The Barriers to Innovation Diffusion: The Case of GM Food in Sri Lanka

The Barriers to Innovation Diffusion: The Case of GM Food in Sri Lanka

Dilupa Nakandala (Western Sydney University, Australia) and Tim Turpin (Western Sydney University, Australia)
DOI: 10.4018/978-1-5225-8063-8.ch003
OnDemand PDF Download:
No Current Special Offers


Genetically Modified (GM) food has been positioned as a significant innovation with a huge potential for alleviating malnutrition in developing economies. Some potential beneficiaries, however, have been reluctant to accept GM food. Many countries have GM food regulations and some have banned GM organisms. This chapter focuses on barriers to diffusion of innovation and analyses the case of GM food diffusion in Sri Lanka using the Rogers's classical model of innovation diffusion. A complete ban on GM products in 2001 was later relaxed to demand only GM labelling regulations, but GM food has not gained a prominent position in the Sri Lankan market. The attributes of GM food perceived by consumers, the communication system, government responses and broader social expectations have been unfavorable to GM food diffusion. The case of GM food innovation in Sri Lanka demonstrates the very social nature of the process, involving far more than seed producers, growers and related commercial enterprises.
Chapter Preview


Innovation diffusion is considered as a complex process of introducing change in a social system. The classical model introduced by Rogers (2003) identifies innovation diffusion as a type of communication and a process where innovation is communicated among members of a social system through certain channels. Traditional models identify four dominant elements in this process: an innovation; users; communication channels; and a social system. Importantly, many aspects of the social system including the social structure specifically the effects of norms, the roles of opinion leaders and change agents, decision types and consequences interact with the diffusion process in a complex manner. External influences such as opinion leaders as change agents and surrogate users with the delegated authority to make decisions (Aggarwal & Cha, 1997), government policies and regulations (Feldstein & Glasgow, 2008) and social networks and linkages (Mendel et al. 2008) can positively or negatively affect the diffusion process.

This chapter focuses on the process of diffusion of genetically modified (GM) food into the Sri Lankan market. GM food carries the potential to contribute to a process of social innovation for ameliorating hunger in developing countries through the potential benefits of the possible introduction of new plant varieties, increased productivity, and reduced costs for pesticides and herbicides. However, social resistance to GM food has made its wide diffusion difficult (Gaskell et al. 2004). For example, the Sri Lankan government completely banned GM foods in 2001 but the external pressure from foreign governments, multinational GM food corporations and local chambers of commerce delayed the administrative introduction of the ban. Subsequently, the regulation for food Importation & Labelling of GM was enacted in Sri Lanka in 2006. In addition, the National Biotechnology Policy 2009 explicitly required that safety test data manipulations and applications should be fully disclosed and made available for public scrutiny. At present there is apparently no official data on GM organisms neither produced in Sri Lanka nor imported to Sri Lanka; there have not been any food items with a GM label in the Sri Lankan market. It has been reported that some imported food items have been tested for GMOs, but no official results have been released (Hirimuthugodage, 2013).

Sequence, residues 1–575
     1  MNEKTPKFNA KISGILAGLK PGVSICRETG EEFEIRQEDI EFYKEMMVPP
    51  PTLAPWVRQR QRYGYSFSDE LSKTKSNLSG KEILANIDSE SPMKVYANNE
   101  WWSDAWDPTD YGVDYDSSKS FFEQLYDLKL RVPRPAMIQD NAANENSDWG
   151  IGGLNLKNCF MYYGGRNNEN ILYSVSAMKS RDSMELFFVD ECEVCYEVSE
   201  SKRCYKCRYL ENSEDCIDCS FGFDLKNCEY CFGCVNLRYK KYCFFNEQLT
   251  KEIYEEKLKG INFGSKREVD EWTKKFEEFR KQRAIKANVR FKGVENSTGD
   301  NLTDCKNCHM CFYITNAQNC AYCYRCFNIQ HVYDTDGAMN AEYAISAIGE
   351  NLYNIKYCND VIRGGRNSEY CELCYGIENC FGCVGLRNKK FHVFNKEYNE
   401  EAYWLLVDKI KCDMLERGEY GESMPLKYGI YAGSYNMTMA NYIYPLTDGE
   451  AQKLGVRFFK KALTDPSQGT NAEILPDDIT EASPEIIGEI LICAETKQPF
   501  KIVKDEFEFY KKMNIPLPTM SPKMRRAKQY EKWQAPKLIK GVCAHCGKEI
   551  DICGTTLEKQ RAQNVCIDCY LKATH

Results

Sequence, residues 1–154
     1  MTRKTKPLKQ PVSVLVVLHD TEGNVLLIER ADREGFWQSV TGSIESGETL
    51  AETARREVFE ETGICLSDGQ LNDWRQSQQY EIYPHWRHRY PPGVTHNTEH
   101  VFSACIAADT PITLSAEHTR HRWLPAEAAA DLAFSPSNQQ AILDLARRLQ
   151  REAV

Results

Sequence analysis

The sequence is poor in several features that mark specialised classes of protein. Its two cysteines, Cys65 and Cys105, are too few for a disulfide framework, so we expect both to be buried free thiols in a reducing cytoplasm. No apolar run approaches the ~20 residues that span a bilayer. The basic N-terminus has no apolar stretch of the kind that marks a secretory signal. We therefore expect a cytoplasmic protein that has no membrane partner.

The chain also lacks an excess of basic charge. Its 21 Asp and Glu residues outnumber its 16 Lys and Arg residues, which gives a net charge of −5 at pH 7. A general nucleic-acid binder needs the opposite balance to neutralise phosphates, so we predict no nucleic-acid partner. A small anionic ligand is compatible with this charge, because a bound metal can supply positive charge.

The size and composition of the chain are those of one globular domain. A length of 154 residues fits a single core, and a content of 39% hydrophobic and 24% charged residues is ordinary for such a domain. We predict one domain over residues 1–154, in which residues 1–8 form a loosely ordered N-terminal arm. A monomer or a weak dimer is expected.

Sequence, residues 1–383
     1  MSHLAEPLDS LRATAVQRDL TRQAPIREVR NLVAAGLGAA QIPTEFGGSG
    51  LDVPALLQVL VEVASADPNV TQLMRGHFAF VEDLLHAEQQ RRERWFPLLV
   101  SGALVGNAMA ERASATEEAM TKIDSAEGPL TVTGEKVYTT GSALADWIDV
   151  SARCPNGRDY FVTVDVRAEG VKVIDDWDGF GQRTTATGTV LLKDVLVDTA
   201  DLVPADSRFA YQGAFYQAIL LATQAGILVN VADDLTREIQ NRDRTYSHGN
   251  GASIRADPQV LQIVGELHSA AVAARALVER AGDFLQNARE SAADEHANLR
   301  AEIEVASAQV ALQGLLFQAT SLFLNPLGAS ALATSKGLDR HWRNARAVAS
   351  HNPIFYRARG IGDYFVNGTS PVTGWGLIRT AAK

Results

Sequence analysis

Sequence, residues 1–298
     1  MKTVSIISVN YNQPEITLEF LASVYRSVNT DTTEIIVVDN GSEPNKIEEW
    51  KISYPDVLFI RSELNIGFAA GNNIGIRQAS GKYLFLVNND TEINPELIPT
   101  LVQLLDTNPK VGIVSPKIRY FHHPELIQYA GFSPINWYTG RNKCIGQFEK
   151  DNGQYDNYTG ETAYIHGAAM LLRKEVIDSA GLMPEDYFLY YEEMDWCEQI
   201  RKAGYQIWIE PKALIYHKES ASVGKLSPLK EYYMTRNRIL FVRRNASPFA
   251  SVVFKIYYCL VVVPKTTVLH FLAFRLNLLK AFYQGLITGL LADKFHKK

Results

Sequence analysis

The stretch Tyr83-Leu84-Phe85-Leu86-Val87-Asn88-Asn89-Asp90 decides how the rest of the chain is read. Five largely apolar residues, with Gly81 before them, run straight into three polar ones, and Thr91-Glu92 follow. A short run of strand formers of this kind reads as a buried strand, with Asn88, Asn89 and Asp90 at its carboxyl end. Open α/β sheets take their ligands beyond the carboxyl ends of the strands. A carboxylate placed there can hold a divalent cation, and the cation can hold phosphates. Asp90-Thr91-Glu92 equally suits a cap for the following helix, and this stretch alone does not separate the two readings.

In this chapter the introduction of GM food in Sri Lanka and the social process surrounding it are analyzed according to Rogers’s classical model of innovation diffusion. A key observation is that the barriers for GM food adoption have been of multiple dimensions. Consumers have not been convinced of the relative advantage of GM food due to the scientific uncertainty associated with GM food products. Moreover, the technological complexity of GM technologies is not easily understood by consumers. The general appreciation of natural forms of production, based on traditional agricultural and health systems, stands in contrast to negative perceptions of ‘artificial’ products. In Sri Lanka there is a strong presence of knowledge stocks in traditional agriculture and health practices that tend to generate skepticism about genetically modified organisms. There is a very real concern that buyer resistance in developed economies will eventually undermine its potential export markets. Government action, partly driven by similar concerns, sought to introduce the ban on GM food types as a protective step (Brankov & Lovre 2013). Not surprisingly the Sri Lankan government action increased uncertainty drawing out media reports emphasizing negative aspects of GM food and GM technologies. As discussed below, it is the breadth and depth of societal input to the process of introducing and accepting (or otherwise) this agricultural process and product innovation that generates an innovation ‘bottleneck’. Moreover, as the Sri Lankan case demonstrates, it is not just local social input that is pertinent. Rather, it is an international process that engages with science, global food production chains, governments, the media, producers and consumers.

Complete Chapter List

Search this Book: